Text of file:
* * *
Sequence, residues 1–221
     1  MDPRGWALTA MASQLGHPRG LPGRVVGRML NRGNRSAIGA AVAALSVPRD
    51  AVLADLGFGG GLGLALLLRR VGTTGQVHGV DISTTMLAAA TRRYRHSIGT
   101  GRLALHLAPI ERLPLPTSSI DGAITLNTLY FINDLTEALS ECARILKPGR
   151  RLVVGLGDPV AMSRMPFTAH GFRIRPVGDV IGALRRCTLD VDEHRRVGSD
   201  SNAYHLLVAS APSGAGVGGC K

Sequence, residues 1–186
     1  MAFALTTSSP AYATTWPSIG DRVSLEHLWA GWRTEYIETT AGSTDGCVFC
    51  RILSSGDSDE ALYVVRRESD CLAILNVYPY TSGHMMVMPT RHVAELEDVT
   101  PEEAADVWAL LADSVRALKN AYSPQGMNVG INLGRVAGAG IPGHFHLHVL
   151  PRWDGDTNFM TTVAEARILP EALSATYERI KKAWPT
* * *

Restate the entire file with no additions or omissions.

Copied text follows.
Sequence, residues 1–221
     1  MDPRGWALTA MASQLGHPRG LPGRVVGRML NRGNRSAIGA AVAALSVPRD
    51  AVLADLGFGG GLGLALLLRR VGTTGQVHGV DISTTMLAAA TRRYRHSIGT
   101  GRLALHLAPI ERLPLPTSSI DGAITLNTLY FINDLTEALS ECARILKPGR
   151  RLVVGLGDPV AMSRMPFTAH GFRIRPVGDV IGALRRCTLD VDEHRRVGSD
   201  SNAYHLLVAS APSGAGVGGC K

Sequence, residues 1–186
     1  MAFALTTSSP AYATTWPSIG DRVSLEHLWA GWRTEYIETT AGSTDGCVFC
    51  RILSSGDSDE ALYVVRRESD CLAILNVYPY TSGHMMVMPT RHVAELEDVT
   101  PEEAADVWAL LADSVRALKN AYSPQGMNVG INLGRVAGAG IPGHFHLHVL
   151  PRWDGDTNFM TTVAEARILP EALSATYERI KKAWPT